Wednesday, April 01, 2009

VA school dropout rate is 9%; economy even hitting jobs in solar industries


Nearly 9% of high school students in Virginia had dropped out before graduating from the class of 2008, according to a story in the Metro Section today, April 1, 2009 by Maria Glod and Michael Birnbaum, in the Washington Post, link here. Alexandria had the highest dropout rate in northern Virginia (11%) and Loudoun County the lowest (3%). Repeated grades is often a warning sign of dropout, with many kids having trouble with the Ninth Grade.

When I went to high school (graduating in 1961), senior high school started with 10th grade, and 7th through 9th grades were “junior high school”. I remember that the maturity level seemed to improve substantially between 9th and 10th grades. Even so, for example, It’s Academic has occasionally had freshmen on its program, as young as 14.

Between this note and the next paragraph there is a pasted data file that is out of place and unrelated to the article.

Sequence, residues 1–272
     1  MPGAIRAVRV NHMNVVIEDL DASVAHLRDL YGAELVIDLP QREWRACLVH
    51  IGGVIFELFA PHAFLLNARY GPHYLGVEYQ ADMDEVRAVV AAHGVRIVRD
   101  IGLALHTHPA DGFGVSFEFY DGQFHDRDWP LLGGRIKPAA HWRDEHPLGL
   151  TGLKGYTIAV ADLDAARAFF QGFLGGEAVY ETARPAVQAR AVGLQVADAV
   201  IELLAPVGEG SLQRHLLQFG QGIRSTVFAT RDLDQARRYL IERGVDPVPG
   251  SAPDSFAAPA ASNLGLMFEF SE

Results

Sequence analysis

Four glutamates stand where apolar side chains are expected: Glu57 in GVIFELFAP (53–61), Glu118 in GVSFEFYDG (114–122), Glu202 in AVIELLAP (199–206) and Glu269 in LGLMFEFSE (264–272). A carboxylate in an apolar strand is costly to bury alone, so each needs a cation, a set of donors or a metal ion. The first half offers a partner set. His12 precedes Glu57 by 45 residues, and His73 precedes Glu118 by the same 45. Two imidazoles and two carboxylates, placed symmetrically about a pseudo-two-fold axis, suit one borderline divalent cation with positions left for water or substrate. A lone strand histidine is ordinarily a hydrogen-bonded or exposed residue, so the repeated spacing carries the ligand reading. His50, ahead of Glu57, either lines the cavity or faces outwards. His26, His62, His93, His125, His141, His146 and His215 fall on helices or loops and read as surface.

I also remember, when subbing, that it appeared that racial tensions and gang activity were apparent in a few northern Virginia schools, but practically absent from others, depending on overall income level of the area. Such tensions could in a few extreme instances make it impossible for subs like me to function.

Fixing education with some sort of attention to the idea of “social contract” has become a top priority of the new Obama administration. Another priority is green, sustainable industries.

Nevertheless, in the later, a story by V. Dion Hayes from p A16 of today’s Washington Post does not bode well. BP Solar in Frederick Maryland has cut 140 jobs, despite idea that solar panels and their constituent silicon parts ought to be a reliable growth industry. It seems that the housing collapse is affecting the market for solar panels, even though there ought to be demand to put them existing homes. Also Osiris Therapeutics, a stem cell therapy research company announced sold some of itself to NuVasve, which would move operations elsewhere. The link for the story is here.

No comments: